Previous studies show that low frequency noise (LFN, <500 Hz, including infrasound) induces changes in the extra-cellular matrices (ECM). The pathology induced by excessive exposure to LFN is called vibroacoustic disease (VAD). The diagnostic method of choice has been echocardiography because proliferation of the ECM can be visualized in thickened cardiac structures, namely pericardium and valves. Recently echocardiograms revealed an anatomical feature that could be a consequence of Echo reveale anatomical feature echo revelased anatomical consequence of theis extra-thoracic pressure: visible hyperplasia of the eustaquian valve in the inferior vena cava. Is being observed in all patients in this currently ogoing project.
Study population: 30 selected male flight attendants, ave. age 48 (range 30-61), and 30 female flight attendants, ave. age 43 (range 27-57). Total exposure time of all individuals was > 8 yr. Echo-Doppler studies were recorded on coded videotapes. Using a 0 to 3 point scoring system, 3 morphological parameters were evaluated: thickening of the pericardium, mitral & aortic valves and vena cava’ eustachian valve.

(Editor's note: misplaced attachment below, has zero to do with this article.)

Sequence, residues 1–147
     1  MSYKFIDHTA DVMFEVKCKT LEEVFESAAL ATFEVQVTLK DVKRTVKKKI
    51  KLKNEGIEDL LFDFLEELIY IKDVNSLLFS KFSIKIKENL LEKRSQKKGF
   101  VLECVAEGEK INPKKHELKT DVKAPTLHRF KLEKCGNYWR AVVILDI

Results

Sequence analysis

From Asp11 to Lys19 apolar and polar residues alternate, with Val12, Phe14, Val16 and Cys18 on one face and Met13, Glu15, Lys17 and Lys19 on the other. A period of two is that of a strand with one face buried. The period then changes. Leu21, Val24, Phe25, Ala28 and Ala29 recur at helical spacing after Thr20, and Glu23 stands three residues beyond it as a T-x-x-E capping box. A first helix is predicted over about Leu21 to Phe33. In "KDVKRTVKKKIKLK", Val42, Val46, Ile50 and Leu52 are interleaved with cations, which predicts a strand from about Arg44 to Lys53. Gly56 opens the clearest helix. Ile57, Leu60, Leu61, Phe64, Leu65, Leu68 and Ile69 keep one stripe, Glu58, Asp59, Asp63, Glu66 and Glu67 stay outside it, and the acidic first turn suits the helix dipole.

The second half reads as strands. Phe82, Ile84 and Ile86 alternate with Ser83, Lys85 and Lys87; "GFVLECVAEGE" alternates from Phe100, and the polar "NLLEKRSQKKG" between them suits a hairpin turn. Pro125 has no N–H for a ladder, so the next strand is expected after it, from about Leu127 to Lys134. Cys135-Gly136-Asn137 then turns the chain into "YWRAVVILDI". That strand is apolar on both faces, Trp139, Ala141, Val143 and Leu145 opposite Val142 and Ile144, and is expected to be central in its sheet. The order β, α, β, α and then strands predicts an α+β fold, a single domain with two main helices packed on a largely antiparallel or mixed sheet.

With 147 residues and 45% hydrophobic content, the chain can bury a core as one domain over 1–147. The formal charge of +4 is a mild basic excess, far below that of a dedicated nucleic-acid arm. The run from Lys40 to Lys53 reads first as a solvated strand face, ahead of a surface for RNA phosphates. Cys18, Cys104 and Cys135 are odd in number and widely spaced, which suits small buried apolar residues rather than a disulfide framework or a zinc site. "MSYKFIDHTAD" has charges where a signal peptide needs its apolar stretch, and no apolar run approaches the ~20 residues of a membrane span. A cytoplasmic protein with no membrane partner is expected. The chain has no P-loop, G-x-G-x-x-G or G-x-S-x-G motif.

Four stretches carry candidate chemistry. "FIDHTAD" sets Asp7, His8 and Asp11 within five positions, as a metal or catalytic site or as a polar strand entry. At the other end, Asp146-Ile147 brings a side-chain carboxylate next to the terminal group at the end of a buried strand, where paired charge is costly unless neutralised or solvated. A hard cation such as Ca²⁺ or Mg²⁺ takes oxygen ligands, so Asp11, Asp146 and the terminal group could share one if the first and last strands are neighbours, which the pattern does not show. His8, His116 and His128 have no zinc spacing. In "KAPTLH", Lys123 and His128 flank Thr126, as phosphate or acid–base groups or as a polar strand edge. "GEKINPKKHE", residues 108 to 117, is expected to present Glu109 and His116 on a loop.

Echocardiograms of flight attendants (males and females) disclose pericardial thickening that may appear concurrently with cardiac valve thickening, but with no consequences for diastolic mechanics. Thickened eustachian valve of the inferior vena cava were clearly visible all the study population.
At the cellular level, LFN-exposed humans and animals disclose transitory generalized fluid retention, which is maintained throughout the duration of LFN exposure (occupational or environmental). This is very discreet, decays with ceasing LFN exposure, and is not comparable to generalized common oedema, This can cause unsuspected interthoracic hypertension and can, in turn, lead to generalized extra-thoracic stasis.
Echo observation of a thicken eustaquian valve can alert for a possible VAD diagnosis.
Amilcar Araújo, None.